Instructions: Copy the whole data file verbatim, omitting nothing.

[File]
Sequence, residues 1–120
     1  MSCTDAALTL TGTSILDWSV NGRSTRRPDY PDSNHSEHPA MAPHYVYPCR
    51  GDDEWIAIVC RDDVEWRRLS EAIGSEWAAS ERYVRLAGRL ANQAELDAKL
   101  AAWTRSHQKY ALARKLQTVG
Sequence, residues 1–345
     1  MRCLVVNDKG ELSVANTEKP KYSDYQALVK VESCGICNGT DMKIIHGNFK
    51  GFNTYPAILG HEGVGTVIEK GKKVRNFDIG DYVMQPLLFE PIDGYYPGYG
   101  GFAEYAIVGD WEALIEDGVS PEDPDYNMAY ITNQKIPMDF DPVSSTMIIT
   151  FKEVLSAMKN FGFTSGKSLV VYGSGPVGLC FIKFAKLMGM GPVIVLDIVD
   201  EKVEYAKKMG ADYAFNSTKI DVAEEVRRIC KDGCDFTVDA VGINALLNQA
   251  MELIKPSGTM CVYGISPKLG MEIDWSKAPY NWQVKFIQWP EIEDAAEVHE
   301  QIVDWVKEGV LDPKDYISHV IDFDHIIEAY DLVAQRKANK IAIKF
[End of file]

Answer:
Sequence, residues 1–120
     1  MSCTDAALTL TGTSILDWSV NGRSTRRPDY PDSNHSEHPA MAPHYVYPCR
    51  GDDEWIAIVC RDDVEWRRLS EAIGSEWAAS ERYVRLAGRL ANQAELDAKL
   101  AAWTRSHQKY ALARKLQTVG
Sequence, residues 1–345
     1  MRCLVVNDKG ELSVANTEKP KYSDYQALVK VESCGICNGT DMKIIHGNFK
    51  GFNTYPAILG HEGVGTVIEK GKKVRNFDIG DYVMQPLLFE PIDGYYPGYG
   101  GFAEYAIVGD WEALIEDGVS PEDPDYNMAY ITNQKIPMDF DPVSSTMIIT
   151  FKEVLSAMKN FGFTSGKSLV VYGSGPVGLC FIKFAKLMGM GPVIVLDIVD
   201  EKVEYAKKMG ADYAFNSTKI DVAEEVRRIC KDGCDFTVDA VGINALLNQA
   251  MELIKPSGTM CVYGISPKLG MEIDWSKAPY NWQVKFIQWP EIEDAAEVHE
   301  QIVDWVKEGV LDPKDYISHV IDFDHIIEAY DLVAQRKANK IAIKF